With a 27-12 record, the Detroiter's have big league baseball's best record.

The sweep over the BoSox was the first time the Tigers swept a three game series at Fenway Park since 1983.

I tend not to get excited about my favorite baseball team before June, but the Tigers are becoming a fun team to follow.

The Tigers head to Cleveland to take on the Tribe tomorrow, taking a 7 game American League Central Division lead with them.

First year skipper Brad Ausmus, a former big league catcher with the Tigers, seems to be making all the right moves so far in his rookie debut.

It's a pretty good thing to be able to pencil in Miguel Cabrera, Victor Martinez, Torii Hunter, Raji Davis, Austin Jackson, and Alex Avila in the lineup every day.

Oh, and Ausmus just so happens to have a starting pitching staff of Justin Verlander, Max Scherzer, Anibal Sanchez, Rick Porcello, and Drew Smyly.

I'm really enjoying Dan Dickerson's play by play of the Tigers games through MLB.TV on my phone.

Dickerson and former Tigers catcher Jim Price do a terrific job calling the action every game.

Well, that's all for now, just wanted to do a quick post about how well my Tigers are playing so far this year.

Go Tigers!

Sunday, May 18, 2014

Happy Baseball Birthday...Don Lund

Today's Happy Baseball Birthday is former big league outfielder Don Lund.

Donald Andrew Lund was born on May 18, 1923, in Detroit. Michigan.

Lund attended Southeastern High School in Detroit, and went to the University of Michigan, where he lettered in baseball, football, and basketball.

Lund was scouted by former Baseball Hall of Famer George Sisler, who played baseball for the Wolverines under manager Branch Rickey, who also played baseball at Michigan.

Lund was drafted on the first round of the 1945 NFL Draft by the Chicago Bears, but chose instead to sign a minor league baseball contract with the Brooklyn Dodgers.

On April 12, 1947, in an exhibition game between the Dogers and their Montreal Royals farm club, Don Lund hit a tremendous HR into the left field bleachers at Ebbets Field.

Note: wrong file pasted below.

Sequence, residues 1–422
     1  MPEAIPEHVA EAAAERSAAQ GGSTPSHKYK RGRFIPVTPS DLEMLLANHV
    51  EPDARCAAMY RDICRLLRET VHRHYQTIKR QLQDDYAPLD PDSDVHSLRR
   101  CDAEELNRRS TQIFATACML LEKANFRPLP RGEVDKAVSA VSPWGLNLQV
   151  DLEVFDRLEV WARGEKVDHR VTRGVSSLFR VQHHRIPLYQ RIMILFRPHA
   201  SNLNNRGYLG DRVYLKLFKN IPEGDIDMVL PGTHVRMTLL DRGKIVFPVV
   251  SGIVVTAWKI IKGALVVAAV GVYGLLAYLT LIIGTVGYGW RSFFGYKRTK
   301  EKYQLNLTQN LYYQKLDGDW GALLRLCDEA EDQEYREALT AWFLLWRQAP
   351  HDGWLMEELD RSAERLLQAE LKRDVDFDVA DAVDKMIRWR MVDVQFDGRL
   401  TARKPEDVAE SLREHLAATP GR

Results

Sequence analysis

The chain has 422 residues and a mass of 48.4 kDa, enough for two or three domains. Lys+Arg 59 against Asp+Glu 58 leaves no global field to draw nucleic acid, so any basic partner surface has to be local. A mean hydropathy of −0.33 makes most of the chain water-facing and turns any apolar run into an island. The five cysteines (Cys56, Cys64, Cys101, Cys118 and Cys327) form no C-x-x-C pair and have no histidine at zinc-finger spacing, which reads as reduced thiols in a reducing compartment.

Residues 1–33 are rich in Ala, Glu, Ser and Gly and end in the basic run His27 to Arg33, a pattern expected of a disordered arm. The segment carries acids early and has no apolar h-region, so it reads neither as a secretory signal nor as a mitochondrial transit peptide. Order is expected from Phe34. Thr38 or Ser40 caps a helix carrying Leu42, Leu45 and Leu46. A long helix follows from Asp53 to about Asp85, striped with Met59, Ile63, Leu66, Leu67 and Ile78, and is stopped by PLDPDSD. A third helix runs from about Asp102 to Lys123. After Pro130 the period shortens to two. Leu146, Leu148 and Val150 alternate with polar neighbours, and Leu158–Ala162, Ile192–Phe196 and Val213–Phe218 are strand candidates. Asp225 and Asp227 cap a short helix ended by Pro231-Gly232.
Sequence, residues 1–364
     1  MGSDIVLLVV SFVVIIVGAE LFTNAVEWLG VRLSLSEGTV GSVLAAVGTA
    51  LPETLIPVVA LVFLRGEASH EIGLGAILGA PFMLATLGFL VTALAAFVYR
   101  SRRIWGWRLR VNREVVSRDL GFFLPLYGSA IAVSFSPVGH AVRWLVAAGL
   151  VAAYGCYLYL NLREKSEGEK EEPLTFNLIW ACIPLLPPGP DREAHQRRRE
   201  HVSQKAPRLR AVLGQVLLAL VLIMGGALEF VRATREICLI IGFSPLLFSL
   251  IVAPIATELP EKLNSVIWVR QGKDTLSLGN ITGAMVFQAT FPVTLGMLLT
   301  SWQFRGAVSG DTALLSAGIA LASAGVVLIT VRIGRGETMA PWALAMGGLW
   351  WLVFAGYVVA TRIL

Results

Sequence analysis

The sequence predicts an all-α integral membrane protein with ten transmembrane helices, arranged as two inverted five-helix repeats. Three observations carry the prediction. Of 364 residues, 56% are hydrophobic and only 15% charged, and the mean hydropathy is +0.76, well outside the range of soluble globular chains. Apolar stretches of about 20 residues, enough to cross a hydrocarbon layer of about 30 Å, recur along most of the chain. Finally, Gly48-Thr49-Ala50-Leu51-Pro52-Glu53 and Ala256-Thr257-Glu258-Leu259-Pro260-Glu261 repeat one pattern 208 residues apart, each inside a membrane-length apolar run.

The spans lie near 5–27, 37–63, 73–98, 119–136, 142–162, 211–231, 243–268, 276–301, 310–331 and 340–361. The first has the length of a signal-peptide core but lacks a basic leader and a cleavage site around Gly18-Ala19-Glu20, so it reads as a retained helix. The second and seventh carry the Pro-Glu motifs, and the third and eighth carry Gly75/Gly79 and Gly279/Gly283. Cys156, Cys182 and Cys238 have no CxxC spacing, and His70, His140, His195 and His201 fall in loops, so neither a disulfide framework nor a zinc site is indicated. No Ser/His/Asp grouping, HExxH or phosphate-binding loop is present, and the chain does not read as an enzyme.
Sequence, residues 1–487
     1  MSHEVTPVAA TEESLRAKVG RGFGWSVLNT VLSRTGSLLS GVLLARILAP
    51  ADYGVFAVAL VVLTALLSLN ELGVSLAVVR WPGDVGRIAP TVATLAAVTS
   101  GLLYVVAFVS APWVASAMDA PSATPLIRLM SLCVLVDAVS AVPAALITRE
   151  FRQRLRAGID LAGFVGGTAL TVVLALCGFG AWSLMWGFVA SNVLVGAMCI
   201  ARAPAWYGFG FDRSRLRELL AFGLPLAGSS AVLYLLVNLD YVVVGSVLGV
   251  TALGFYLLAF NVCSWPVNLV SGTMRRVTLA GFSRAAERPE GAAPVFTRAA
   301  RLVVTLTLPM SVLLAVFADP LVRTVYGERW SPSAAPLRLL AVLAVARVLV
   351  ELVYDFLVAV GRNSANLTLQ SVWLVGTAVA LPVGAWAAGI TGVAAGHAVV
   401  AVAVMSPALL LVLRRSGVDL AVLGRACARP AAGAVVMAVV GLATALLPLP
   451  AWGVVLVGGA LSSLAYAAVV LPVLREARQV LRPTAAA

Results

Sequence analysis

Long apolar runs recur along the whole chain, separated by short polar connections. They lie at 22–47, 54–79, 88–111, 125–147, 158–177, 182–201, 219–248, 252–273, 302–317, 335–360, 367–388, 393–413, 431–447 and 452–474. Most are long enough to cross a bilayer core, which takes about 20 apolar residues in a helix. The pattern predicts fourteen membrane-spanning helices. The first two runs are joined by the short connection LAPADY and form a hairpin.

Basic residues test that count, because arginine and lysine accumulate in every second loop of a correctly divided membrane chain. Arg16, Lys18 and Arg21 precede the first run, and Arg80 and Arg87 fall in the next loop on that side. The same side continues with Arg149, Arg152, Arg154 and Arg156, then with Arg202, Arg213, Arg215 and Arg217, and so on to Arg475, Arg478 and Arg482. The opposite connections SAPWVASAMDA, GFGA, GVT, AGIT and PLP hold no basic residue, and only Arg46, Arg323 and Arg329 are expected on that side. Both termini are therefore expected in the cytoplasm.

Lund rounded third and headed for home, stepped on home plate, and was greeted with a handshake from the man who scored just ahead of him...Jackie Robinson.

Lund played big league baseball for 7 years, with the Dodgers, St. Louis Brown's, and the Detroit Tigers.

Lund's best season in the big leagues came in 1953 with the Tigers.

In 131 games Lund collected 108 hits, with 21 doubles, 9 HR, 47 RBI, and a .257 batting average, in 421 at bats.

Don Lund played his final game of his career at the age of 31 on July 29, 1954, with the Tigers.

Lund returned to his Alma Mater as the head baseball coach for the Wolverines, in 1959.

Michigan won the Big Ten Baseball Championship in 1961, and in 1962 Lund led the Wolverines to the College World Series and a National Championship.

Lund then worked for the Tigers organization, from 1963-1970, then returned to Michigan as an  assistant athletic director until his retirement in 1992.

Don Lund passed away this past December, at the age of 90.

Today we celebrate the life of one of Detroit's, and the State of Michigan's finest athletes and family man... a true Michigan Man.

Happy Birthday Don! Go Blue!


Saturday, May 17, 2014

My Mailbox...Stars and Strikes

Today I received a copy of Dan Epstein's new book about baseball and America in 1976, Stars and Strikes.

I won the book in a contest on Twitter, courtesy of The Book Dude.

Growing up a baseball fan in the 1970s was fantastic, from Pete Rose running over Ray Fosse in the 1970 All-Star Game, to Willie Stargell's World Series winning 2-run HR in Game 7 of the 1979 Fall Classic.

I look forward to reading about the Bicentennial year of 1976, and re-live the wonderful year of my 16th birthday, and the great game of baseball.

Play Ball!

Friday, May 16, 2014

Seattle Rainiers...1948 Scorecard

This terrific old baseball program from the 1948 Seattle Rainiers was posted on my Facebook page by the great baseball fans at When We Wore Fedoras.

Old baseball stuff, as you may know, is something I can't pass on looking at, or reading about.

Things like this program continues to add to my love of baseball history.

The Rainiers were a Seattle baseball mainstay for over 70 years, starting as the Indians in 1903.

The Seattle Indians were named as such to honor the Native Americans of the Pacific Northwest.

The Seattle team was also.know as the Clamdiggers, when they were part of the Pacific Northwest League, from 1907-18.

The Indians were part of the newly formed Pacific Coast League in 1903,  along with the Oakland Oaks, Los Angeles Angels, Portland Beavers, Sacramento Salons, and the San Francisco Seals.